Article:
January 10th--Tea, Spices, and the East India Company

Tea is one of those ubiquitous flavors that can change the world while being completely taken for granted. It has both changed and promoted tradition, acted as a political linchpin, had a role in wars, been used as medicine, and has been both consumed and avoided for religious reasons. It has also been a sign of culture and refinement in almost every culture it has touched. Although Americans aren't as used to using tea in dishes as many Asian countries are, in recent years, black, white, and green tea have found their way out of the teacup and into recipes ranging from cheesecake to roast duck.

Today in the year 1839 brought the first Indian tea to England. Why is this important?
Tea had
been coming to Europe since 1610, compliments of the Dutch. While it was only ever a trend in Germany and France, the colder climate of England meant that tea quickly became a cultural force to be reckoned with. Up until 1839, though, tea was expensive. The East India Company wanted it to stay that way. Their near monopoly on tea was used by the English government to establish the Tea Tax which sparked our Revolutionary War(ironically enough, the tax was partially to help bail the East India Company out of financial difficulties). By the 1830's, most tea was imported to India in exchange for Opium (then illegal in China), before being shipped on to Great Britain. Since tea was expensive, and risked tampering if bought from a less then careful source, it wasn't as popular in the middle and lower classes. India-grown tea changed that, however.

There is one other practice we have to thank for tea's modern popularity, though: the concept of tea time. This is due in large part to Anna Russell, Duchess of Bedford, Queen Victoria's Lady of the Bedchamber between 1841 and 1847. Due to trends, dinner, which at the beginning of the 18th Century was served in the early afternoon and served as the largest meal of the day, began to be pushed later and later--in wealthy households the Victorian norm was 7 or 8 pm. Luncheon was established as a light meal, but left the Duchess wanting something to nibble on between, usually around 4 or 5pm. As time passed she began inviting friends over to share her treat, and soon tea time was a cultural institution. Tea now has it's own set of vocabulary and terms, as well as etiquette, thanks primarily to the Victorians:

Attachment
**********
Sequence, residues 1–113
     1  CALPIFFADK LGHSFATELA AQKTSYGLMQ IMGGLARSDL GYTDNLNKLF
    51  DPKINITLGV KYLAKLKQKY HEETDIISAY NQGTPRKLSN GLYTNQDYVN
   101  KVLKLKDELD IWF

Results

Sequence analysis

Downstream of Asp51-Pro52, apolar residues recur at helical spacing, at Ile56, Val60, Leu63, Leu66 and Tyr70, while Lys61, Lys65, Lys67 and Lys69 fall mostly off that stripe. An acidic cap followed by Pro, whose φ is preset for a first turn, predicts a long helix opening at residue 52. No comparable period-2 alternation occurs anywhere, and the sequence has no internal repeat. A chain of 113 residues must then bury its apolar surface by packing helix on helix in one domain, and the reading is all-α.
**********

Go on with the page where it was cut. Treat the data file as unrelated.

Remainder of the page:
Low tea: The original deal. Tea, bread or baked goods, and maybe a small sandwich or two served on a tray or small side-table while socializing. As time passed, the term low tea was more commonly exchanged for tea time. Not to be confused with...

High tea: Serving a full meal at around 5pm, rather then later, at a sit-down table. Essentially a term for dinner for those who didn't(or couldn't) eat fashionably late. In America and Canada, the term has come to mean a fancy tea served at a high-end hotel or resort, although this usage is not the case in the U.K.

Ladies would also have their "at home" day, a particular day of the week on which they were available, tea at the ready, for friends to stop by, a subject which deserves an article all by itself, given the traditions, such as calling cards, which became part of the culture.

For a more thorough history of tea, take a look at Tea: The Drink that Changed the World by Laura C. Martin.

For more information on the East India Company, try The Corporation that Changed the World by Nick Robins.

Quote of the day: OMNIA MIRARI ETIAM TRITISSIMA (Find wonder in all things, even the most common place)--Carl Linnaeus, Swedish botanist, physician, and zoologist, the father of modern taxonomy. Today is the 232nd anniversary of his death in 1778.


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